Turkish businessman linked to Mormon brothers’ fraud scheme flees Turkey
Businessman Sezgin Baran Korkmaz has fled Turkey, following raids on six companies under his SBK Holding on charges of money laundering, Sabah newspaper reported on Tuesday.
Istanbul’s chief public prosecutor had issued arrest warrants for 19 people as part of an operation conducted by the megacity’s anti-terror and organised crime police departments.
Ten suspects were detained in raids by the Financial Crimes Division, while authorities determined that eight of the suspects, including Korkmaz himself, had left Turkey.
Korkmaz’s business partners, Jacob and Isaiah Kingston (better known as the Mormon Crime Brothers), pled guilty of conspiracy to defraud the U.S. government and remain in prison in the United States. Arrest warrants issued by Turkish authorities also cover the brothers, their mother Rachel Ann Kingston, and Jacob Kingston’s wife Sally Kingston.
A U.S. court convicted Armenian-Turkish businessman Lev Aslan Dermen of several counts of conspiracy and money laundering in early 2020 in Utah after the jury trial.
Dermen was accused of scheming to file false claims for renewable fuel tax credits along with the Kingston Brothers. Dermen is also known the person who introduced the Kingston Brothers with Korkmaz.
The partners are accused of having transferred $132 million to Korkmaz’s company accounts and accounts of third-parties, and the total amount of fraud exceeds $470 million.
An Istanbul court ordered the seizure of Korkmaz’s assets in Turkey in October for the purposes of collecting evidence. The assets were released in a later court order.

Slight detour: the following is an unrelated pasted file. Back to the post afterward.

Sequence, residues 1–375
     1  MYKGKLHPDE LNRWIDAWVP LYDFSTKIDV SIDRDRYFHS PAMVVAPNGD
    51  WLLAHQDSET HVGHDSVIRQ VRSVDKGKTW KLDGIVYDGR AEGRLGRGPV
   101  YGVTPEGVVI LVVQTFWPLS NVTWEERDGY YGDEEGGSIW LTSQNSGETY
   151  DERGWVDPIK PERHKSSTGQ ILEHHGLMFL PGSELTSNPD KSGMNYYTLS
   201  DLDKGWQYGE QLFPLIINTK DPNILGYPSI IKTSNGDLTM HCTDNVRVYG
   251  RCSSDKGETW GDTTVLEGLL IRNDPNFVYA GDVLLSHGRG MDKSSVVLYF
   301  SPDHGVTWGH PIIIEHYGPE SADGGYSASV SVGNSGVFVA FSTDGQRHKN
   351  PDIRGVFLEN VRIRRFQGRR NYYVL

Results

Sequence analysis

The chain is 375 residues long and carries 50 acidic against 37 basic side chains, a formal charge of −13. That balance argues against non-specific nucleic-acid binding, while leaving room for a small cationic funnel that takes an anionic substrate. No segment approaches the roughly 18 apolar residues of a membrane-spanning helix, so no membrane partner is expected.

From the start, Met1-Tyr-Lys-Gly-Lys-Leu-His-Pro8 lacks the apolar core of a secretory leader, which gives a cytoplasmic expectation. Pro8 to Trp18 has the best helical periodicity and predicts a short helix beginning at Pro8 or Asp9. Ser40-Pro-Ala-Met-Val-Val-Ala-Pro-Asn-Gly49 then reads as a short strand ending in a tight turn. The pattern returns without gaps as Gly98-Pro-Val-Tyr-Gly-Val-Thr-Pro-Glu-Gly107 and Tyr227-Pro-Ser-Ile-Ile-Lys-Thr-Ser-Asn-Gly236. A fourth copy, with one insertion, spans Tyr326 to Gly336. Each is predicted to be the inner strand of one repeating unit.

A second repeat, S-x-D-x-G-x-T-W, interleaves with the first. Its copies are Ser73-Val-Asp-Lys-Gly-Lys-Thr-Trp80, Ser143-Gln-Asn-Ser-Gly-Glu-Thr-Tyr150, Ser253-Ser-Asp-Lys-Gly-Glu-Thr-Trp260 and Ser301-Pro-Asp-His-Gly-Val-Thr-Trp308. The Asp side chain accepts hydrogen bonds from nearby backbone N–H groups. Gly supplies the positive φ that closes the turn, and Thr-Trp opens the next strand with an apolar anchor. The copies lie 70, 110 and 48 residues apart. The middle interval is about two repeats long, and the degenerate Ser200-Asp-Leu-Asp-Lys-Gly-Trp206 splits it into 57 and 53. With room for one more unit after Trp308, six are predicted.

Turkish news website Airport Haber reported that Korkmaz's $30 million yacht left Turkey on Dec. 24, named Queen Anne after Jacob Kingston’s daughter, despite having a foreign travel ban order in place. It is not confirmed whether Korkmaz in the yacht.
The Queen Anne took off from the port of Fethiye on Turkey’s Aegean coast, dropped anchor at the Cypriot port of Limassol, and left the Greek-controlled southern part of the Mediterranean island on Monday to arrive in Beirut by the evening, as seen on maritime tracking website MarineTraffic.
Authorities searched Korkmaz’s companies on Tuesday, but discovered that the company servers had been removed from the premises, leaving them unable to access data. A hangar that belonged to the businessman in Istanbul’s old Atatürk Airport was also searched, but found to be evacuated. Authorities confiscated and removed from the hangar a luxury jet that belonged to Korkmaz, according to Airport News.
Korkmaz has been in the public eye with his previous involvement with the now-bankrupt charter airline Borajet, which he had purchased from businessmen accused of involvement with Fethullah Gülen, a Turkish cleric who lives in self-imposed exile in the United States and is accused by Turkey of having orchestrated several attempts to topple the government including a failed coup attempt in 2016.
Turkish-American entrepreneur Yalçın Ayaslı pressed charges against Korkmaz last year in Washington D.C. for allegedly using extortion and money laundering to acquire Borajet. The trial continues in California.
The fugitive businessman’s ties to Turkish President Recep Tayyip Erdoğan have been long-speculated, while the president appealed to a court to have photos of the pair together removed from the Internet in October.
Erdoğan’s lawyers appealed to court saying Korkmaz had used his photographs with the Turkish president to weave a false narrative that Erdoğan had supported him.
Korkmaz had met with Erdoğan in 2017 to discuss investments in Turkey by the companies involved in the fraud, Washakie Renewable Energy (WRE) owned by the Kingstons, and SBK Holding owned by Korkmaz. The businessman was also involved in Erdoğan’s efforts to get an early foot in with U.S. President Donald Trump.